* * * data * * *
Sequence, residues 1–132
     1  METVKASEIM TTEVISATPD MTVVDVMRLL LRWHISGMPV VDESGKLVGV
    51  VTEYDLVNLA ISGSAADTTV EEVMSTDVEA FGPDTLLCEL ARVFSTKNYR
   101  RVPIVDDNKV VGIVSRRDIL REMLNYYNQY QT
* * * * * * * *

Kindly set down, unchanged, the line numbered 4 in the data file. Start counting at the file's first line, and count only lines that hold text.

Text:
   101  RVPIVDDNKV VGIVSRRDIL REMLNYYNQY QT